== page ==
Radish Planting Tips: How To Plant Radishes In The Garden

The first thing you need to know about planting radishes is that they don’t like being planted too close together. You have to plant them at least three feet apart, but even six or seven feet away from each other is fine.

If you put them too far apart, they won’t get enough light and will die.

You want your plants to be healthy and strong so you shouldn’t plant them too close together either. They’ll probably end up with root rot if they’re planted too closely together.

Also, don’t plant them too deep into the soil because it’s not good for their roots and could cause them to rot as well.

It takes about four months before you start seeing new growth on your radishes, which means they’ve been getting plenty of sunlight and nutrients from the sun. That’s when you can begin to transplant them into the garden.

If you live in a hot climate, then you might want to wait until springtime before starting your radish planting project. During the winter months, there isn’t as much sunlight and temperatures drop quite a bit.

So if you’re planning on planting your radishes during those cold winter months, then it would be best to wait until summertime before beginning your gardening project.

If you live in a place that doesn’t experience a lot of snowfall during the year, then it would be best to start your radish planting project in the fall so they can get a head start on the growing season. Radishes like soil that has good drainage because they don’t like to have their feet stay too wet for too long of a period of time.

You may want to choose different varieties of radishes other than the typical red or white ones. There are purple and pink ones available at most nurseries or garden centers.

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These kinds of radishes don’t taste any different than the red or white ones, but they do provide a nice contrast to the other plants in your garden.

Most people only eat the crunchy white part of the radish and then throw away the rest of it. You can save yourself some time and trouble by planting seeds directly into your garden soil.

You can also grow some of your own radishes to eat. They’re very easy to grow and you can get a few crops per season out of them if you take good care of them.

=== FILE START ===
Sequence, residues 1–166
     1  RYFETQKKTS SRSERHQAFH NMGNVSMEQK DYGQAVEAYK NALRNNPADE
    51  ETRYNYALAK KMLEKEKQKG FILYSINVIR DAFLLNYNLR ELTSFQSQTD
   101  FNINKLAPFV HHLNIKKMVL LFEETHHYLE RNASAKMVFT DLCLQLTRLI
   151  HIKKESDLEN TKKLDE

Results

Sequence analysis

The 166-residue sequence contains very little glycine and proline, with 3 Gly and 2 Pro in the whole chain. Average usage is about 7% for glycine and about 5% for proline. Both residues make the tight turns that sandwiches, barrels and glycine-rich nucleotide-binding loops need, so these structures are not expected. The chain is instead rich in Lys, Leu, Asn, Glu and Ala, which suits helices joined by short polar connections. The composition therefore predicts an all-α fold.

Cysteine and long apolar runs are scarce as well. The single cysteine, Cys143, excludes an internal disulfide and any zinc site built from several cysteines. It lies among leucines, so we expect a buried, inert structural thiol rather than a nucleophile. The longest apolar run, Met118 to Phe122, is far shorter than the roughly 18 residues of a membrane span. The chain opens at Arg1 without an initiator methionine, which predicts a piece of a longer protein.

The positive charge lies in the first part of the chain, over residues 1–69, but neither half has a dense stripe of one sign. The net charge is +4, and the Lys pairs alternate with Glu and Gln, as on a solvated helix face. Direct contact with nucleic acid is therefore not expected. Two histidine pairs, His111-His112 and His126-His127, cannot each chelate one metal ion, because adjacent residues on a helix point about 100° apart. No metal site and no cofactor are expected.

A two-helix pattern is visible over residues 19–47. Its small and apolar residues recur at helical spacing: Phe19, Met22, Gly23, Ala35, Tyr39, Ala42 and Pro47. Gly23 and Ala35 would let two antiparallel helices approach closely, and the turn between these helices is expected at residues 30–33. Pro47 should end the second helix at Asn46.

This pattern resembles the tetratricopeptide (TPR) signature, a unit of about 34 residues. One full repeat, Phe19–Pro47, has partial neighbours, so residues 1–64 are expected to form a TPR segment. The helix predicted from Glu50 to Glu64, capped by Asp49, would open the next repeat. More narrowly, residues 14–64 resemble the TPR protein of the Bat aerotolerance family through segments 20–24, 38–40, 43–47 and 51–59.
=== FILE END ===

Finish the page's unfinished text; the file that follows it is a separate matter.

Make sure the soil you’re planting your radishes in isn’t too wet or dry. Otherwise, your radishes will be more likely to die before they even have a chance to grow.

Keep them watered well for the first week or so and they should do just fine.

The Best Time To Plant Radishes

You can start planting your radishes once the threat of frost has passed in your area and the soil temperature is at least 50 degrees. You don’t want to plant them too early because they won’t grow very well due to the cold soil.

If you live in a place that experiences lots of snowfall, then you may want to plant your radishes in late winter so they can get a head start on the growing season.

You can start planting your seeds indoors about five to eight weeks before you plan to transplant them into your vegetable garden. You should only do this if you live in an area where the soil temperature is about 70 degrees.

Plant the radish seeds about 1/4 inch deep and keep the soil moist but not wet. The soil needs to be kept at a temperature of at least 60 degrees in order for the seeds to germinate properly.

Radish Planting Tips: How To Plant Radishes In The Garden - Picture

How To Plant

You can plant your radishes in rows or you can plant them in clusters. If you choose to plant them in clusters, then you should space each cluster 3 to 4 inches apart.

If you decide to plant them in rows, you’ll want to space each row about 12 to 15 inches apart. You should plant the radish seeds at a depth of about 1/4 inch deep.

Make sure you keep the soil moist but not wet. You can also mulch the area with a thin layer of grass clippings or straw.

This will help to retain the moisture in the soil and keep the weeds from growing as well.

If you live in an area that experiences cold temperatures, then you should mulch your radishes to help protect them from freezing.

Caring For Radishes

You don’t need to do much care for these vegetables after you initially plant them. Just be sure to thin out the seedlings so they aren’t growing too close together and keep the soil moist.

If you’re planting them in the middle of the growing season, then you should only need to water them every three or four days. A good layer of mulch will help to keep the weeds down and retain moisture in the soil.

You should keep your radish plants weeded and free of pests. As long as you take a little time to care for them, then they shouldn’t give you too many problems.